“Let’s try this again.”
To steal a line from a wedding-turned-anniversary party invite recently received, let’s try this again. The annual series of “Notre Dame 99-to-0” never got far off the ground last year, just like that couple’s June wedding plans, for all the obvious and frustrating reasons.
A summertime content staple, the series (and seasonal weddings) does more than filling the calendar. At least, it is intended to. “Notre Dame 99-to-0” is intended to offer a refresher of each player’s career thus far and of what to expect moving forward. (The wedding, to reunite friends flung far by time.) As often as not, this countdown to the season via descending jersey numbers becomes a reference point later in the year, whether it be after a transfer, an unexpected rise up the depth chart or an injury. (More of this can apply to weddings than expected. The reference points become when you met a friend’s significant other, met some intrigue on the dance floor or tore the pants on the groomsman suit you were wearing for the first time. Those are akin to a transfer, a rise up the depth chart and an injury, right?)
There was enough *everything else* dominating our time and attention in the 2020 season to not need those refreshers or reference points to stay busy, but the hope is that stops being the case in 2021, ideally before Labor Day Eve (123 days). If we can be so lucky, then the sense of normalcy of day after day after day of player recaps (and Mondays hungover after wedding weekends) can also ease the content calendar back into its usual rhythms.
There will, of course, still be acknowledgments of the coronavirus pandemic, particularly while awaiting a Notre Dame plan on fans in the stands next season and when discussing the eligibility morass (understandably) created by the universal waiver in 2020.
The exact slotting of the profiles has yet to be established — a real sense of normalcy around here includes this scribe procrastinating most every task — but it will begin tomorrow with No. 99, sophomore defensive tackle Rylie Mills, one of only a handful of players to be profiled last year before things ground to a true halt for five months. In a few days, No. 97 will be up, early-enrolled freshman defensive tackle Gabriel “Volkswagen” Rubio, and this space is determined to make that nickname stick by the end of the summer.
The series will end with the first No. 0 in Notre Dame history, senior receiver Braden Lenzy, hence the rebranding to “99-to-0” from “99-to-2.” To already summarize Lenzy’s entry, he had an impressive peak in 2019 with 454 total yards from scrimmage and four touchdowns, but the Irish desperately need that to no longer be Lenzy’s peak after 2021.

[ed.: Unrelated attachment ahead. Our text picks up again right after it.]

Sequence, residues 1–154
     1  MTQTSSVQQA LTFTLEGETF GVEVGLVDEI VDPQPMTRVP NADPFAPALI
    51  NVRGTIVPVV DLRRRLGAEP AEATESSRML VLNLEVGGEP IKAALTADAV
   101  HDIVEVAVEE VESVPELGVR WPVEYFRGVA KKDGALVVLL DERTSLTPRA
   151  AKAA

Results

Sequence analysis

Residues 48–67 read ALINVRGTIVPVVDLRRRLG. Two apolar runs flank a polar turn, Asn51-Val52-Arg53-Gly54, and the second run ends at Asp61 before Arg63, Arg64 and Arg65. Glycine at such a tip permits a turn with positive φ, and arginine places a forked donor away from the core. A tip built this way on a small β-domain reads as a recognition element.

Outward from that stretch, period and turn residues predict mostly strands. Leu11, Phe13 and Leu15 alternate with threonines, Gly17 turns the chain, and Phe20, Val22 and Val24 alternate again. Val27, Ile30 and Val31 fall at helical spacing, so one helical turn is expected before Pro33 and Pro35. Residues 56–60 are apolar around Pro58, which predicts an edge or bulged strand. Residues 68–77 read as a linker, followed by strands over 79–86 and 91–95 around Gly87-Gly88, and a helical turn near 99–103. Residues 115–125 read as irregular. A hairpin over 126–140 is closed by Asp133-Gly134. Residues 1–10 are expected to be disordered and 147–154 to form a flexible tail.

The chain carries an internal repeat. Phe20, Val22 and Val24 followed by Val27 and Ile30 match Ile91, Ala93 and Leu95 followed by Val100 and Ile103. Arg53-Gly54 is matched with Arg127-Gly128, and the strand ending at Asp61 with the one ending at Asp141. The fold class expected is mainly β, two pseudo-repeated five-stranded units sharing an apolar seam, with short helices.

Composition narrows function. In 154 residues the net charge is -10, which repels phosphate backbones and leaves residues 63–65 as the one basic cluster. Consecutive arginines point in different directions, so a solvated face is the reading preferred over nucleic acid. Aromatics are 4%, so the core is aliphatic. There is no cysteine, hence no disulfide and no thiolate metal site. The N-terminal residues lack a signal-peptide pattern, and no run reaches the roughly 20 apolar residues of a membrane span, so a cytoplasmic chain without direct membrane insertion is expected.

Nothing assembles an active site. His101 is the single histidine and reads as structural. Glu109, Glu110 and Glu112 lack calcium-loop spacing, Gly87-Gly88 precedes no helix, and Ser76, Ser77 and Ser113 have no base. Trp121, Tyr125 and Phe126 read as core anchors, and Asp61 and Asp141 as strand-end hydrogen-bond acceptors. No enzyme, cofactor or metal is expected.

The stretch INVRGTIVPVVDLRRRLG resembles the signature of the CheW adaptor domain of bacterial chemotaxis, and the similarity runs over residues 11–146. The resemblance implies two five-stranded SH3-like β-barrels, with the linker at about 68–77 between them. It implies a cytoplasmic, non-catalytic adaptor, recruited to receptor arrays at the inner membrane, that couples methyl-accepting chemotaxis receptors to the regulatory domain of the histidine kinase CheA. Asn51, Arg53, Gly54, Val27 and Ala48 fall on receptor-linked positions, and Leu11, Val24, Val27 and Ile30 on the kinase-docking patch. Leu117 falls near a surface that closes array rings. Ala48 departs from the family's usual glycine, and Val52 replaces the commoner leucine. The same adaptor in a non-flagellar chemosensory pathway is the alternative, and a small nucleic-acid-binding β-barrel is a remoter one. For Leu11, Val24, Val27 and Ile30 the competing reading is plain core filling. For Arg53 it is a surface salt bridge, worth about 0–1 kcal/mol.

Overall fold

Beginning May 7 (tomorrow), there are 87 days until the week of Notre Dame’s first preseason practice. The Irish are allowed a maximum of 87 scholarship players in 2021 — the usual maximum of 85 plus pandemic exceptions for fifth-year defensive tackle Kurt Hinish (No. 41) and fifth-year kicker Jonathan Doerer (No. 39), separated for these purposes by fifth-year linebacker, three-year starter and likely captain Drew White.
Some exact scheduling needs to be figured out yet. Should senior punt returner Matt Salerno be included because he might reprise that role in 2021, offered an excellent Twitter clip this spring and is the jumping-off point for a longer punt return conversation? Should senior long snapper Michael “Milk” Vinson be included because a few national games in 2020 demonstrated how vital that role can unexpectedly be? Until the incoming freshmen have numbers, what placeholders should be assigned?
But those wrinkles can wait until No. 65 or No. 29 come along in the coming months, respectively, and no incoming freshman will pop into the roster listing before No. 96.
Similarly, should certain doubled numbers create days with two articles to therefore vaguely wonder what will be the most impactful number? No. 52, worn by both junior center Zeke Correll and senior linebacker Bo Bauer? No. 17, as in both sophomore defensive end Jordan Botelho and Wisconsin graduate transfer quarterback Jack Coan? No. 3, two embattled veterans in senior safety Houston Griffith and fifth-year receiver Avery Davis? Or will junior running back Kyren Williams make No. 23 the most impactful number all on his own no matter what junior safety Litchfield Ajavon does or does not do in 2021?
No offense to junior cornerback Cam Hart or junior defensive end Isaiah Foskey, but 2021 does not look like a typical Notre Dame year when the Nos. 5 and 7, respectively, rival No. 3 for greatest impact. (Files away the story idea of trying to figure out how that trend began, fully realizing the answer has undoubtedly been lost to the decades.)
Some exact scheduling needs to be figured out elsewhere, as well. If the typical interim between a wedding ceremony and reception is suitably filled with one bar, how many breweries can be hit before a first-anniversary party replacing a reception? If the now-married couple is providing two nights of an open bar, but you already were somewhat thoughtful last summer, is a gift still anticipated? Does my suit still fit?
It’s nice to consider the problems of old anew. Let’s try it all again.
“Notre Dame 99-to-0” begins tomorrow. Let’s make it a goal to break just one norm and write ahead before heading to that party in San Diego next month.